'Racial Bias' Claims Insult Families of Color

Cherylyn Harley LeBon

9/17/2011 12:01:00 AM - Cherylyn Harley LeBon

It’s September, so it’s back-to-school for American kids and other children around the world. Many families pack away the swimsuits and beach gear, unpack the notebooks, lunch bags, brand new shoes, and look forward to the regular routine.

This fall is also an interesting time of reflection in our country.

Record numbers of Americans are living below the poverty line, the housing foreclosure rate continues to climb, and rising unemployment will, in fact, keep some of these children going back to school on the school lunch program longer than expected. In these desperate times, people resort to desperate measures - engaging in scare tactics and myths so often embraced and perpetuated by the liberal media. Chief among these myths is the controversy surrounding the SAT college admissions test. Disturbingly, the media’s promotion of this myth is creating confusion among students and families considering college options.

Opponents of the SAT test argue that the test determines who gets into college and who does not, and should be, therefore, abolished in favor of “test optional policies.” This argument is largely promoted by the group Fair Test, which advocates an end to standardized testing in college admissions.

Fair Test's roster of supporters includes George Soros, the infamous billionaire who has bankrolled MoveOn.org and several other left-wing groups and politicians. Fair Test touts itself as an educational organization, but it is a special interest group recognized by the mainstream media as a credible source on educational testing issues.

The sad result of this misinformation is the effect on students and families preparing for college, particularly students and families of color. Fair Test continues to argue that the SAT is biased against minority and low income students. In fact, the goal of Fair Test is to play the blame game and portray minority students (or any students who do not perform well on the SAT) as victims in their sandbox game of Limousine Liberal politics.

The racial bias myth was definitively laid to rest several years ago in the peer-reviewed journal American Psychologist. University of Minnesota researchers Paul Sackett, Matthew Borneman and Brian Connelly examined the issue and reported that any inference that group scores are linked to bias is, “unequivocally rejected within mainstream psychology.” The only people still advocating that the SAT is racially biased are patriarchal liberal groups including Fair Test who play the race card when other options fail.

Others have also refuted the claims of racial bias in standardized testing.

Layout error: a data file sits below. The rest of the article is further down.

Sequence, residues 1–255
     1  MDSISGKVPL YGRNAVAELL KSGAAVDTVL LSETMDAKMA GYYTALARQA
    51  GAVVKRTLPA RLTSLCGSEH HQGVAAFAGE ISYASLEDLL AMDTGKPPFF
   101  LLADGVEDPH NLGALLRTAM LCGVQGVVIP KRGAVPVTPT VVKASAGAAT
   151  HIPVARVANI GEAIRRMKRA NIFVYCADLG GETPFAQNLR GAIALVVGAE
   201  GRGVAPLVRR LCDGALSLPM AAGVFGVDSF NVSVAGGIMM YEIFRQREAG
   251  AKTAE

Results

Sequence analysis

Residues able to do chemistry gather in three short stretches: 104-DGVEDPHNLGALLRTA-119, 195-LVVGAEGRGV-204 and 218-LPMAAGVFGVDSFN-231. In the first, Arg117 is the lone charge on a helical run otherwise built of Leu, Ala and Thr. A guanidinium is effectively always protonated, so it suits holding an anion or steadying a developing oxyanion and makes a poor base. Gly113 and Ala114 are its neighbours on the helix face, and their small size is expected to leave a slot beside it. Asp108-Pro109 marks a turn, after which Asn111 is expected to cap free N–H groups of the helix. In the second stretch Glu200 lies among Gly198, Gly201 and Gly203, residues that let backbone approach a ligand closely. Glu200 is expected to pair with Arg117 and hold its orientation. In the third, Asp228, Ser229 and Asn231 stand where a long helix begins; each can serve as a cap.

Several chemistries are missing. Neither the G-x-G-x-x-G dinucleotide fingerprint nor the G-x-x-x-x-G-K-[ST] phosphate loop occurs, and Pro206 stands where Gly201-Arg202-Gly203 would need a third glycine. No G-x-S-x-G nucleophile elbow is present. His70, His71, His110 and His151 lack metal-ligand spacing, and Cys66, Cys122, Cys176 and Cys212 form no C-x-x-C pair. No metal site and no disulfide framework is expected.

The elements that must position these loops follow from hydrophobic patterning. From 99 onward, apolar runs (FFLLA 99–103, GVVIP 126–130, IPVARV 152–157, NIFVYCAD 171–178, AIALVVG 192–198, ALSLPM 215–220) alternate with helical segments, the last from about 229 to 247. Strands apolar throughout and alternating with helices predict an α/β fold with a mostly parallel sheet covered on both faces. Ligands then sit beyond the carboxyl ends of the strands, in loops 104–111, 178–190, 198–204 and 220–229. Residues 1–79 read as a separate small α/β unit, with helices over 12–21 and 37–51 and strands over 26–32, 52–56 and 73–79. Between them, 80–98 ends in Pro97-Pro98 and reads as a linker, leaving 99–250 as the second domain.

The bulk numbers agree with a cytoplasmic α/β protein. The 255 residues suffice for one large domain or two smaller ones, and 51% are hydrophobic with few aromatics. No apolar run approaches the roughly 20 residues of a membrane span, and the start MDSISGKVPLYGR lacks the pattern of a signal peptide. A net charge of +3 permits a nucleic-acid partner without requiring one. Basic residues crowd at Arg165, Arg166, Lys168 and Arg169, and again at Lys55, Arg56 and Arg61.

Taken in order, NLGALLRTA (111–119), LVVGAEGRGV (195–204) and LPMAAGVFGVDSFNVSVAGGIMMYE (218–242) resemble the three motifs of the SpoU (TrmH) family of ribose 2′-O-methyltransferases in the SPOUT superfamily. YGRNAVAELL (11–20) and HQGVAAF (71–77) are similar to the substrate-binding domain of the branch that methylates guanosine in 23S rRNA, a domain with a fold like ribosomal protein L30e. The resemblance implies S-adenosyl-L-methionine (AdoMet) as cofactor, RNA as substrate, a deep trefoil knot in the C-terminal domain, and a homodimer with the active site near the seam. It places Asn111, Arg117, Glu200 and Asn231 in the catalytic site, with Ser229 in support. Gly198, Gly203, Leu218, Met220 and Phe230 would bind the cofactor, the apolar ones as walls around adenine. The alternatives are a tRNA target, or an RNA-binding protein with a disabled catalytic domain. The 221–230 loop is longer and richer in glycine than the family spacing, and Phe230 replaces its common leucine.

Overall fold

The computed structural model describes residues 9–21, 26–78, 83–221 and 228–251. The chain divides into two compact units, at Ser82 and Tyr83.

In 2008, Jonathan Epstein, a researcher with Maguire Associates, studied the impact of test-optional policies in college admissions. Epstein discovered that test-optional policies at colleges and universities lead to artificially inflated average SAT scores among incoming freshmen. He found this resulted in further confusion for prospective students and families and “is not in the best interest of any institution or higher education in general.”

As parents, we all want our children to grow up and become productive members of society. The college search process is an important step in helping our children make major life decisions. A political group is advocating for the end of standardized testing, and continues to mislead students and families by attempting to influence an academic professional organization overseeing college admissions. The result will be to marginalize successful black students or those who come from other racial, ethnic or socioeconomic groups.

Promoting the racial bias myth also harms students by creating the wrong expectation that the deck is stacked against them. The truth is, every SAT question is exhaustively pre-tested and carefully analyzed for any bias.

Questions are reviewed by panels of K-12 and college educators and questions which indicate any bias are never used in the actual test. Furthermore, more than three-quarters of the nation’s top historically black colleges and universities accept the SAT as an admissions requirement. Score differences may exist among some students in different groups, but they do not indicate bias in the SAT, and are an unfortunate reflection of inequities in K-12 education across thousands of school districts.

The continued claims of racial bias in SAT testing are insulting to all families of color when interest groups portray us as victims incapable of advocating for ourselves. The policies of Fair Test and other liberal interest groups reveal that these groups are more concerned with the politics of race than educating the children of this country.